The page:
The Soho Street space eventually shut down because the Funnel got caught in a financial bind – our membership was decimated, so that portion of income (never that large anyway) was gone. The Ministry of Culture was supposed to come through with money to replace the operations funding we had spent on the renovations and move. They declined, a year too late, to keep their word.
The Canada Council then decided, if I recall, to pull the plug on their future funding, partially because they felt we had misused operations funding… and the Ontario Arts Council, who had originally been very supportive (though not increasing our funding) were now saying that perhaps they could no longer support the Funnel’s activities either. There was no realistic question that the Soho space could support itself on a purely commercial basis.
Melinda’s failure, I feel, was due to a large extent because she was unable to extract concrete assistance from the Canada Council (some might call it accountability, in light of their behaviour) and from the Ministry – it does seem to me to be dishonest on the part of these entities. I believe Melinda tried her best, and nearly had a nervous breakdown, while those folks in their offices yanked her (and our) strings. How amusing for them.
I think it was at this point that the big meeting you mentioned occurred. I remember going, but I don’t remember much about it. I think I, not to mention everyone else involved, was exhausted. I believe it was a last ditch attempt to see if any groups in the community had any ideas for, or interest in helping the space go forward, in any way it could. The problem of the membership and access to gear was that this was tied closely to the Funnel’s identity as an artist-run center rather than a purely filmmaking center. I think there had been neither the time nor energy required to re-conceptualize the Funnel without the restrictions that had been in effect (no commercial use, etc.). It seems kind of old-fashioned now, but this was one of the major sticking points preventing change there.
When it came to the acting board’s attention that a group of filmmakers was demanding (not asking for, mind you!) that our equipment (all donated, and which I had done a lot of work on personally), be handed over to them, through the ever-kind agency of the Canada Council… I felt that I no longer wished to be part of this community. I was already planning to move to Vancouver, so I withdrew from Funnel activities in my last six months in Toronto.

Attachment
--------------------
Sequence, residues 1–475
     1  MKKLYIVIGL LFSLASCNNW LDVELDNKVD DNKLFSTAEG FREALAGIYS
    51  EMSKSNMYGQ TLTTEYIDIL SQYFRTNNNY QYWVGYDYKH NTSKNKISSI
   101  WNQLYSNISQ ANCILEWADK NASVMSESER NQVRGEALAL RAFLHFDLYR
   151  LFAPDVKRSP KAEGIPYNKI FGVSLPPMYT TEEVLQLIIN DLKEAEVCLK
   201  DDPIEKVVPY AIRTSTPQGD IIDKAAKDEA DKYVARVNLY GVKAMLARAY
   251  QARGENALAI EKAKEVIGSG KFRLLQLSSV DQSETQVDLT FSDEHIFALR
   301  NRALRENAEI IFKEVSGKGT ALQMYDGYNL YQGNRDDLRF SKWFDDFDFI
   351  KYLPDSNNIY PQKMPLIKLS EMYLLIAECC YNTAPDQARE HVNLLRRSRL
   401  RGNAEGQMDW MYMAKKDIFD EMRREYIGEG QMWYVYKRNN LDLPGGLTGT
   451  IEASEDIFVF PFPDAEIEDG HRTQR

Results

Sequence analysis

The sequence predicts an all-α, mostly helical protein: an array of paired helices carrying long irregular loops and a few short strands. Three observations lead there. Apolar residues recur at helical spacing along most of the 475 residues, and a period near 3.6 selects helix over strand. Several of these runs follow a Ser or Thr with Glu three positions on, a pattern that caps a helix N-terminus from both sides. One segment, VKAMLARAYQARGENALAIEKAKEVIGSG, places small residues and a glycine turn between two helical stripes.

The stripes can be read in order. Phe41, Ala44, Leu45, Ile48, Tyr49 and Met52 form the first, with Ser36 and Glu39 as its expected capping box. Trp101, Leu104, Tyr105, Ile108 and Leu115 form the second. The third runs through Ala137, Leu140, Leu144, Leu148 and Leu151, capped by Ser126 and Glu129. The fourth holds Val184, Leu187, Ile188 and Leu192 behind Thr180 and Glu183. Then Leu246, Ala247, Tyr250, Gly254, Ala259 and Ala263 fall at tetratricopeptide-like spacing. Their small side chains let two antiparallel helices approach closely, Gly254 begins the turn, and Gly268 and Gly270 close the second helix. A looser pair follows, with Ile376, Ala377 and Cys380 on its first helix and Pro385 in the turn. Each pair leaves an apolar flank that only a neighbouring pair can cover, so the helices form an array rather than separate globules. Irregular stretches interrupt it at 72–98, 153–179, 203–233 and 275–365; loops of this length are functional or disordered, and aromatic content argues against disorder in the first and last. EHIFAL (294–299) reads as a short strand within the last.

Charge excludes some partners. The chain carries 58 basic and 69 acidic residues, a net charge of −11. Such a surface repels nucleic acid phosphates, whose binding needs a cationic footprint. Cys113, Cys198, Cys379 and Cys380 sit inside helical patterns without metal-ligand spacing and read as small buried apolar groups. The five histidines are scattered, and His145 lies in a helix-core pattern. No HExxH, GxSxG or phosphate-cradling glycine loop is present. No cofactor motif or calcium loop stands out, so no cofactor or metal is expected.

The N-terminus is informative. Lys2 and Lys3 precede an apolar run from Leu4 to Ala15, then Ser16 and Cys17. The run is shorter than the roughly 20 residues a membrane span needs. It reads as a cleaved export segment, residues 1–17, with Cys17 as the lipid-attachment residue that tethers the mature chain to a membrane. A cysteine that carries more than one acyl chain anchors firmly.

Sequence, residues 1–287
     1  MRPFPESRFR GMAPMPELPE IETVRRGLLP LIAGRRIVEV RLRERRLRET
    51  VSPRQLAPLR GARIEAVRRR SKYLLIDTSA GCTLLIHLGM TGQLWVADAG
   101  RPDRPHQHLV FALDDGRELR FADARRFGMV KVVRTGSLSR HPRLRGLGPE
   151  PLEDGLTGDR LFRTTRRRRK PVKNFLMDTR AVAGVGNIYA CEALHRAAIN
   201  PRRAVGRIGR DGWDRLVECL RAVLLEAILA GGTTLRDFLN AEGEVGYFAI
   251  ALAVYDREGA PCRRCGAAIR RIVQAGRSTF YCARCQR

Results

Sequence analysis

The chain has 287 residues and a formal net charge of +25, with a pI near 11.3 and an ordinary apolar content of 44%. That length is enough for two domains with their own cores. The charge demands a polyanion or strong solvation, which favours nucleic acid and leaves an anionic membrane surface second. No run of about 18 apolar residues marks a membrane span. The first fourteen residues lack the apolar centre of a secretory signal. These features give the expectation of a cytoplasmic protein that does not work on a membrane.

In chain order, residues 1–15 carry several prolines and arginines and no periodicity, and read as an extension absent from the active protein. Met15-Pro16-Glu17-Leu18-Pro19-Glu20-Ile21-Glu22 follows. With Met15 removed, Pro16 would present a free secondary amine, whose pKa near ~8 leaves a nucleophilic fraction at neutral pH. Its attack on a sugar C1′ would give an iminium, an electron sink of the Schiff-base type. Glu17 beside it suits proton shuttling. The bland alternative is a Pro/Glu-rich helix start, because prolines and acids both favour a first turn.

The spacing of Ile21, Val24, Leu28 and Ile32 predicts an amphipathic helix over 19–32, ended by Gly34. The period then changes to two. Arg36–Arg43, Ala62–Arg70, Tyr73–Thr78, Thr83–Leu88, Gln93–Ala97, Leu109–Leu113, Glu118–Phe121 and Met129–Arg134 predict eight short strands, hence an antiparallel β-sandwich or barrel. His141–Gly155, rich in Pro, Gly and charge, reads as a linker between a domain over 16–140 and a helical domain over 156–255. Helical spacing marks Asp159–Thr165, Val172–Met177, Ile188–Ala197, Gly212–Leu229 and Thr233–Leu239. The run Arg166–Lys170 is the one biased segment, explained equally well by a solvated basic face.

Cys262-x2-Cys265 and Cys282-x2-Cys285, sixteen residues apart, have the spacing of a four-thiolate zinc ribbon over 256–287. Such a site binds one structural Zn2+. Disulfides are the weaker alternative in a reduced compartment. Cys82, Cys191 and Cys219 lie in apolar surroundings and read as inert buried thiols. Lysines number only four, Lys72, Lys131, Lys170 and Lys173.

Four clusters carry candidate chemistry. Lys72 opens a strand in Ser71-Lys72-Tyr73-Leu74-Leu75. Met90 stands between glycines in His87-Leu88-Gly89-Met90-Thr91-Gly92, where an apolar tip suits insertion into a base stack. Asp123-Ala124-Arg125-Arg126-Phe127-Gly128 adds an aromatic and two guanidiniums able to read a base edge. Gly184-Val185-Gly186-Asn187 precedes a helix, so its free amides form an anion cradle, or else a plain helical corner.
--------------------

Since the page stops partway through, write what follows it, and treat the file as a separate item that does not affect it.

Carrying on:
I believe the gear went back to Lonely St. and I think everyone was going to take a break to regroup. There was some talk of equipment access out of Lonely St., but honestly I don’t think anyone had the energy to do this, and certainly we no longer had any funding coming in, and no significant membership who might do this on a volunteer basis. I think the remaining members were pretty much blasted, about finished.
I stopped being involved in any discussions at this point. I had broken up with my girlfriend, left the house on D’Arcy St., and was living near Sherbourne and Bloor. I was working full time as a graphic artist. I was no longer certain of who the Funnel could serve or why we should want to.
In that six months before I moved, I agreed to buy Henry Jesionka’s handmade optical printer from him. He was in Vancouver, returning in September to SUNY Buffalo with his wife and young children because he didn’t like Simon Fraser. I sent him $4000 by direct deposit on the agreement that he would not take the machine to Buffalo. Then, making an appointment with him a week before my departure in mid-October, I rented a van and drove down to Buffalo where he had nonetheless insisted on taking it.
At the door of his loft, his astonished wife told me he was in NYC for the weekend. She kindly let us stay there overnight and then we drove back. I was informed by customs that they had the printer, and that it had been valued at $12,000, and could not be retrieved without excise taxes due on it.
I went to Vancouver without it; that was the most desperate winter I’ve ever had – I literally didn’t have five dollars in my pocket. I couldn’t find more than part-time work. I had enough documentation to sue Jesionka, but did not because I could not afford the trip to Buffalo required to do so. A year later I made the decision to leave it behind and move on.
It is my conclusion that the lack of money in arts communities in Canada leads directly to such shameful behaviour, and as a result I have had little incentive to participate directly, as a full time artist, since. I do admire your (and Pat’s, and John’s) perseverance in making work though!